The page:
CH: Well--and I think one of the demands is that you want the elites to speak truth--begin to speak truthfully which they're not doing?

RV: Yes.  But it's also frustrating because we have folks like Trudeau who recently joined a climate March for example, Greta Thunberg met with Barack Obama.  These folks are in fact the enemies of this movement.

CH: Yes, they are.

RV: And we have to recognize that, not collaborate with them.

CH: Well, their rhetoric is good but Barack Obama increased oil production by 88%, the largest increase in American history.  And Justin Trudeau just used Canadian taxpayer money to pay for the XL pipeline.

RV: Right.

CH: So, you know, you have the climate deniers which are bad enough like Trump.

RV: Yes.

CH: But then you have the kind of liberal elites that pay lip service but do nothing.  When we come back, we'll continue our conversation about our climate emergency with Christina See and Rory Varrato from Extinction Rebellion.  Welcome back to On Contact.  We continue our conversation about our climate emergency with Christina See and Rory Varrato.  So Christina, what is the goal?  How long do you want these actions to take place and ideally, what would you like to see happen in New York City in particular, but also in other cities around the world?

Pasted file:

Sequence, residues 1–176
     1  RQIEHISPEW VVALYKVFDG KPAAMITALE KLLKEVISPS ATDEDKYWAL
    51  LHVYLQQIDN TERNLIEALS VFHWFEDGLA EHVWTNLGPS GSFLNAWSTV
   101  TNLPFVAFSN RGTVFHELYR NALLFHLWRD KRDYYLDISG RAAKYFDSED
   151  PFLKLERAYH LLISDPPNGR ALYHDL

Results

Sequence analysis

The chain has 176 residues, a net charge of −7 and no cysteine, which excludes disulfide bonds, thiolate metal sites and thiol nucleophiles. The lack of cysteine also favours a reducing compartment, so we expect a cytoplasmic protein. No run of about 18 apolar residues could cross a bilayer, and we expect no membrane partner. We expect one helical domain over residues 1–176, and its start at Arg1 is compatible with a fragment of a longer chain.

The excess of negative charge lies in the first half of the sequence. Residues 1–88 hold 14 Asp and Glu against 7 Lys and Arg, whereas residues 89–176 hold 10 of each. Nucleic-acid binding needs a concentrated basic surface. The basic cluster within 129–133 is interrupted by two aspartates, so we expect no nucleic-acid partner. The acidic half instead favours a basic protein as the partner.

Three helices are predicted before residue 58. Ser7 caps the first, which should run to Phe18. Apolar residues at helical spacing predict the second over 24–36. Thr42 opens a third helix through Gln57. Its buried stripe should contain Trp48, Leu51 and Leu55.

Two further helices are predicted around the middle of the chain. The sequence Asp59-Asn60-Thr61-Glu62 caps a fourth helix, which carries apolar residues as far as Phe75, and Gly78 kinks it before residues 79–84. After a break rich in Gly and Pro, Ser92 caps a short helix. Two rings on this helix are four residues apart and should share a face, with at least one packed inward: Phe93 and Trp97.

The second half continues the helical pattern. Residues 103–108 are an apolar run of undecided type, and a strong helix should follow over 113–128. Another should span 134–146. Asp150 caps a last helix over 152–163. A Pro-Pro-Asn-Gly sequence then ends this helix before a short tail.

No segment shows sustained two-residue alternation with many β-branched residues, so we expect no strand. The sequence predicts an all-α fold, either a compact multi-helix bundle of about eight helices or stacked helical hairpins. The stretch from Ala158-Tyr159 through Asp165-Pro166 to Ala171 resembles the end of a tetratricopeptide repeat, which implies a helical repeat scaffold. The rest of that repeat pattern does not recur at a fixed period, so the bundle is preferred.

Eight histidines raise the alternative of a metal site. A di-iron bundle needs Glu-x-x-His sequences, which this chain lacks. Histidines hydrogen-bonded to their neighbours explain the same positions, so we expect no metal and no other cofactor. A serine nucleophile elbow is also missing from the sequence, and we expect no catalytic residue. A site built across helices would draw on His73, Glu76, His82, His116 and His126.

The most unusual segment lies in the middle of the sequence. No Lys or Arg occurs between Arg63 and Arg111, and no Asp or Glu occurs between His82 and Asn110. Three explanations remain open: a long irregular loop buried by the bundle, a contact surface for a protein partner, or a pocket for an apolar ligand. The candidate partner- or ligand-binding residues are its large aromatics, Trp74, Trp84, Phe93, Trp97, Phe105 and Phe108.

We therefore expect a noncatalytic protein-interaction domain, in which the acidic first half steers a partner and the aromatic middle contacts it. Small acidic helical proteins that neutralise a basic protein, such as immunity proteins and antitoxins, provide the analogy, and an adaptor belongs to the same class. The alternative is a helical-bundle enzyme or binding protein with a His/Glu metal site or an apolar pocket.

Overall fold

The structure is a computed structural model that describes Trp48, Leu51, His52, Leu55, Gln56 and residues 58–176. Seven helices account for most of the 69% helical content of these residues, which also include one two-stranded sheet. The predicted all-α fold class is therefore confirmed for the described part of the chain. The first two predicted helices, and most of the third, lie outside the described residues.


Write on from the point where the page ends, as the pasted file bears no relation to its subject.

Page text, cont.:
CS: I think having them go on as long as possible is what we want.  I think where we are at in New York City specifically is we're the biggest group within the U.S. so far, but it's expanding rapidly so what we want is everyone out on the streets.  We saw it last week with the climate strikes, but I think everyone's ready for this.  They just need something.